It's official: In terms of college grades, C really is the new F.
For freshmen taking writing composition at the University of Arizona, receiving a C at the end of the semester may no longer warrant a sigh of relief.
Instead, some of them may have to repeat the class.
Two years ago, Arizona hired Civitas, an education technology company that uses predictive analytics, to track student behavior in an effort to boost student graduation rates. One finding jumped out: students' performance in commonly required courses was linked to whether they would graduate or drop out.
For instance, students at the university who earned an A or a B in an introductory English composition and rhetoric course had a 67 percent chance of graduating, a figure calculated by predictive models of actual graduation numbers. But if they received a C in the required course, students only had a 48 percent chance to graduate — a difference of nearly 20 percentage points….
After receiving the findings over the summer, university officials decided changes had to be made.
What fascinates me is that at Arizona, the state's flagship public university, even if you get an A in that freshman English, you still have only a two-thirds chance of graduating. So A is actually the new C.
We all know the reason: As an update to a national grade-inflation database released earlier this year indicates, A is professors' favorite grade to award, whether at the Ivies or at your local community college. Some of the findings:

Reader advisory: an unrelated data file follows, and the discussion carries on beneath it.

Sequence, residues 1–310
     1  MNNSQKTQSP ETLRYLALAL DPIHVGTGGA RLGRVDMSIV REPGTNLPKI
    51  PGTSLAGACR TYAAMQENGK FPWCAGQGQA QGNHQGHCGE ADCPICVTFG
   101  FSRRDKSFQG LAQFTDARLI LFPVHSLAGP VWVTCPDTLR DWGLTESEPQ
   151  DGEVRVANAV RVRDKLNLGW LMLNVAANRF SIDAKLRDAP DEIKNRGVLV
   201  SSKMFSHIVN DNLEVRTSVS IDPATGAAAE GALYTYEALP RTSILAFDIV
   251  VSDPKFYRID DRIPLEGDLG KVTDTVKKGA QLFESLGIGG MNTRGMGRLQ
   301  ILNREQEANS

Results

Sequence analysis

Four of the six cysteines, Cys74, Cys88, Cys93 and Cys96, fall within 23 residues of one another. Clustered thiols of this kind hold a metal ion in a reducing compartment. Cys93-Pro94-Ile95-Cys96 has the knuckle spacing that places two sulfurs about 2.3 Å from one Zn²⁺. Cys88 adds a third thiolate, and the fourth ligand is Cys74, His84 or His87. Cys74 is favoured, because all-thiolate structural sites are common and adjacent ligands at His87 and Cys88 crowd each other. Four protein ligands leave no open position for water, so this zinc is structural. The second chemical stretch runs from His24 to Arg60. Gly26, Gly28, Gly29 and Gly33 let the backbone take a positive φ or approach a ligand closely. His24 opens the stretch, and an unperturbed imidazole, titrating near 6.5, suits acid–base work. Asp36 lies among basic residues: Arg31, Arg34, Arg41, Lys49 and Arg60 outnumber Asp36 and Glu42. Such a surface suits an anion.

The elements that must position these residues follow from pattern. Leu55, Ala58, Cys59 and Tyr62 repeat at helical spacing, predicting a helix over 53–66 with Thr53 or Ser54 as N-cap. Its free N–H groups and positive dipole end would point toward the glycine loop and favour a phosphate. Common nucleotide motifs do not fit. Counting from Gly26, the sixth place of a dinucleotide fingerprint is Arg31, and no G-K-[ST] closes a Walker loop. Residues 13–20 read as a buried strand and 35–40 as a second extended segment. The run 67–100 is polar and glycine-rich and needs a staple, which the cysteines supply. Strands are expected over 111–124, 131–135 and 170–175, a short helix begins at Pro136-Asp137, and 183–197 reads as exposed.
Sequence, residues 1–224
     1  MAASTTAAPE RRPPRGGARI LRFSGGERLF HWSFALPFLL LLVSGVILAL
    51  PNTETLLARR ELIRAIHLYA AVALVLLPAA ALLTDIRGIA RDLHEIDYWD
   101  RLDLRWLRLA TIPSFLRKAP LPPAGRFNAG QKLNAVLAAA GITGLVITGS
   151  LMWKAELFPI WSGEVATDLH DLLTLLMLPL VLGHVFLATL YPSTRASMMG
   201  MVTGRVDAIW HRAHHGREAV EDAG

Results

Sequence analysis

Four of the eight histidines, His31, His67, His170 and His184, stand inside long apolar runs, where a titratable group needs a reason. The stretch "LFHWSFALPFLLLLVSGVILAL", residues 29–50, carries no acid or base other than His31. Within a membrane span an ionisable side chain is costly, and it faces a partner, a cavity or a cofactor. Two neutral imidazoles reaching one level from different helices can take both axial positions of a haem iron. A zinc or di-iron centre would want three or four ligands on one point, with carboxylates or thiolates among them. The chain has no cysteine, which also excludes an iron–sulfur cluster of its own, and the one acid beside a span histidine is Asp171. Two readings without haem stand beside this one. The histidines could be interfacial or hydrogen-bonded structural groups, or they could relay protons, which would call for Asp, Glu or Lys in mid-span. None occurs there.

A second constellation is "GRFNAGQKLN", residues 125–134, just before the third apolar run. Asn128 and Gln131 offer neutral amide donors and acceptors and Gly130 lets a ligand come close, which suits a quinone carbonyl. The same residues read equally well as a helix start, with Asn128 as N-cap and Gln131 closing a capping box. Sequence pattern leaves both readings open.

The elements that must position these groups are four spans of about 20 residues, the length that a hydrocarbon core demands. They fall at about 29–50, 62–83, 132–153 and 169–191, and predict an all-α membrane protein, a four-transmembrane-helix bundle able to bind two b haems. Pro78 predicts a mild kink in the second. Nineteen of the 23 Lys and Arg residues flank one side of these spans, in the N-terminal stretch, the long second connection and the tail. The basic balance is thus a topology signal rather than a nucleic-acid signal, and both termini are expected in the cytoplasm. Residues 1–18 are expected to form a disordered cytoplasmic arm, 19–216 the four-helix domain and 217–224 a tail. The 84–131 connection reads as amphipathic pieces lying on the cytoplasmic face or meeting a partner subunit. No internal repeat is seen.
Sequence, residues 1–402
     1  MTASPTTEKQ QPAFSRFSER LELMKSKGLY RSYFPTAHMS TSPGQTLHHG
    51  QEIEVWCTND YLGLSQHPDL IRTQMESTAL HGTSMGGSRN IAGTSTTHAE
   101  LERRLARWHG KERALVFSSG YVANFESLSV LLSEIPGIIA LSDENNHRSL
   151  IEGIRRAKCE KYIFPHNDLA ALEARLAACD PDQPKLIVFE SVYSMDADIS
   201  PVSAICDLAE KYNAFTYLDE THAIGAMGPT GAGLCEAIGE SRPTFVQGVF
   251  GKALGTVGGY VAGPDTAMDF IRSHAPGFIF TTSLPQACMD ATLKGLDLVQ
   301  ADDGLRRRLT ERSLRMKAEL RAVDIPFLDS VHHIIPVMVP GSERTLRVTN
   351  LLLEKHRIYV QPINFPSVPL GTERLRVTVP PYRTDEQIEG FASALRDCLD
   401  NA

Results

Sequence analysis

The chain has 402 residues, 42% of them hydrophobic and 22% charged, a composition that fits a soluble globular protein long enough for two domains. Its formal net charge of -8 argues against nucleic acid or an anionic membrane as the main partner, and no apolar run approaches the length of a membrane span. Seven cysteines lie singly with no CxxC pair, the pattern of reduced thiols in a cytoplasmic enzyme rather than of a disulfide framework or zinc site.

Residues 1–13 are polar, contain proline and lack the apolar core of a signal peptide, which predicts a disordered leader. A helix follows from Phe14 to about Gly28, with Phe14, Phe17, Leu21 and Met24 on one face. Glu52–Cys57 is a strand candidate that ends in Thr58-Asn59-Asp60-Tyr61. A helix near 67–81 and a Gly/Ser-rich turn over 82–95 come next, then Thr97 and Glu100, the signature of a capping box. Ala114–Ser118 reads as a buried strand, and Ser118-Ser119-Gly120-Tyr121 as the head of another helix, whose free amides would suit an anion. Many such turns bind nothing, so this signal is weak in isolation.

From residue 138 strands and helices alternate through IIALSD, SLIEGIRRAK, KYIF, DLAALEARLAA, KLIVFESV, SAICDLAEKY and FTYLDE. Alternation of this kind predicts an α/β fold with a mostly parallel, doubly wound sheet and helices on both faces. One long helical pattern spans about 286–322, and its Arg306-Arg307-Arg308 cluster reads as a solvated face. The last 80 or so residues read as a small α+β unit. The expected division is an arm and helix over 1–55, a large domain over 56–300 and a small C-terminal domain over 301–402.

- Grade point averages at four-year colleges are rising at the rate of 0.1 points per decade and have been doing so for 30 years.
- A is by far the most common grade on both four-year and two-year college campuses (more than 42 percent of grades). At four-year schools, awarding of A's has been going up five to six percentage points per decade and A's are now three times more common than they were in 1960.
And the reason for the grade inflation is also pretty obvious: Right now some 69 percent of high-school graduates enroll in college right after graduation. Only 40 percent of them did in 1960. Since there's no evidence that people today are twice as smart as they were 56 years ago, standards had to give. The result is meaningless college transcripts and worthless college majors.
So here's an idea: Instead of encouraging everybody to go to college–and then boosting their grades artificially so they don't flunk out, or wasting their time before dropping out, how about encouraging most of them to aim for well-paying alternative careers that don't require college degrees. Those jobs are out there.